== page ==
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For a consumer product where a customer has an account, and receives invoices from us ($10k+), and is asked to pay those invoices using a saved payment method (bank or credit card) -- we are debating whether it makes sense to re-prompt the user for their password to finalize a payment, even if they have checked the "stay logged in" box. It could be implemented as dual login cookies -- one long term (no expiration), one short-term (30 minutes). If the short-term login session is expired, then when a key action is taken (like a payment greater than $10k), then the short-term login would need to be refreshed by entering a password.

Argument for: These are potentially large amounts of money and it seems like the conservative thing to do. Examples of this in the wild: When making admin changes on Twilio, or when changing addresses on Amazon, a password re-prompt is often required.

Argument against: Adds friction. Neither PayPal nor banks require you to do this. Why should we?

What else would you consider to make the right UX decision here?

  • It depends how concerned your users are with security. I've had internet banking that uses it and it makes me feel more secure. But other users might feel its a pain in the ash. Depends on the context and how safe your service seems already. – RobbyReindeer Sep 27 '18 at 6:47
  • Is the issue making the payment (for a recurring service that was already ordered and hasn’t changed) or is it about ordering (and paying for) new services? Can those services be ordered / used by someone else? As you see, Amazon does not ask for a password again if it’s shipped to an existing address. It will ask for (including card details) if you ship to a new address as it could be someone who hacked into the account trying to make the purchase using your card. – jcaron Sep 27 '18 at 12:19
  • "nor banks require you to do this" My bank (UK) does sometimes do this (or something like it). In my case, certain payments (and other account-maintenance actions) require you to use a card-reader to confirm you have one of the credit/debit cards linked to your account in your possession. – TripeHound Sep 27 '18 at 14:57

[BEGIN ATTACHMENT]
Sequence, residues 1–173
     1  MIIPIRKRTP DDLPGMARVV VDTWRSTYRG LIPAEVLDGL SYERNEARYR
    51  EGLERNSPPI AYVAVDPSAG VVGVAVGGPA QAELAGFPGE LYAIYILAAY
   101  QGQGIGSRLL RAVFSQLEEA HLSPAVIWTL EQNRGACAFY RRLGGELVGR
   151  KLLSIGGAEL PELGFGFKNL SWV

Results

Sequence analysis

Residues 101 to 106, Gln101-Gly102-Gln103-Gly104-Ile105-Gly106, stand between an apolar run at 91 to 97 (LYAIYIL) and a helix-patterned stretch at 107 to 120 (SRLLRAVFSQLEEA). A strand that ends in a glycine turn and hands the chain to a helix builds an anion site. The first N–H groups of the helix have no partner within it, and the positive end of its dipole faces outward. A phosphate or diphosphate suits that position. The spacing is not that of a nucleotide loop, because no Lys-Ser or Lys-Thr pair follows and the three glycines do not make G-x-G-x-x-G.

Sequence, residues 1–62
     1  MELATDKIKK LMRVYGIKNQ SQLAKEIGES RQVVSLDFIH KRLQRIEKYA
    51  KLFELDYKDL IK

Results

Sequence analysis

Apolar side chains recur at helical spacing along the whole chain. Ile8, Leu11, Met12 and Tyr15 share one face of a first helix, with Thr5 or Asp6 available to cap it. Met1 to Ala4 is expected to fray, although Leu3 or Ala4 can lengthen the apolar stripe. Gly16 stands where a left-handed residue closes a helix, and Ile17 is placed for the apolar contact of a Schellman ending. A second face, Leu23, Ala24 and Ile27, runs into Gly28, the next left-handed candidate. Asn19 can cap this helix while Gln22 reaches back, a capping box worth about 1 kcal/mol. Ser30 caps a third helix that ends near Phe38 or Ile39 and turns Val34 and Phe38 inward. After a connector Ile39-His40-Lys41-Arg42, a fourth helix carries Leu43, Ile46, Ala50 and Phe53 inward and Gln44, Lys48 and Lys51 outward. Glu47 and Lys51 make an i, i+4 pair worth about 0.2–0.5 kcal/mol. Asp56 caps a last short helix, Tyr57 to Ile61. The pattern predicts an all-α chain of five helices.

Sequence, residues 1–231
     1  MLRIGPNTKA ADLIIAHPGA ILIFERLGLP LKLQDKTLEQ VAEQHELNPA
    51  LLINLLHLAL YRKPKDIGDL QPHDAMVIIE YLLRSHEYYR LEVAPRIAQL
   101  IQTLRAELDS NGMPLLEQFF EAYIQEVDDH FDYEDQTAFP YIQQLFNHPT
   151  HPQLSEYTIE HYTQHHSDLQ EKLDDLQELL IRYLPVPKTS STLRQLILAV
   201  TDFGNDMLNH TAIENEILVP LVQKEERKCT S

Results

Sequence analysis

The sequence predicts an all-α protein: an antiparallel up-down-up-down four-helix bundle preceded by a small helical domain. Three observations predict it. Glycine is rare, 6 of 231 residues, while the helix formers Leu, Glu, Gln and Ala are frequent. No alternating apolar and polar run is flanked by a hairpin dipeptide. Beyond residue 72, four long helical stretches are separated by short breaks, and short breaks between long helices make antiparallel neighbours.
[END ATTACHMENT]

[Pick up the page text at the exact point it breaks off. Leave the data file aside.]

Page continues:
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Two things come to mind for me:

  1. Payment gateways will not retain all credit card information and will require the customer to enter the CVV number (this is the conventional where I am). Is this doing the same thing you are trying to achieve with your re-authentication concept? If so, then there is a double up.

  2. If you are asking people to stay signed in, then you are not honouring that when you ask them to login for a second time. Could this interaction undermine your system is i.e. you can't complete the simple request of keeping me logged in, what else can I not trust?

If you do go down the path of using a revalidation, you should design the interaction to be contextual and frame it accordingly. Make sure the user knows it is a security measure, and not a malfunction.

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You can use an opt-in 2-factor authentication (2FA), which is a compromise between increased friction and security.

The user can enable 2FA. You can also make it mandatory to use 2FA for paying in general, or for paying more than a certain amount.

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Banks to it two ways: after submitting payment a)the user is directed to a final confirmation screen (no password) OR b)just before submitting payment the user has to reenter a password.

We tested the latter and it works well because our users felt it gave an additional feeling of security, even though the logged in state didn't need the password again.

I've seen the former option with some of the banks I use and I also like it. I think either option gives the user a feeling of extra security TBH

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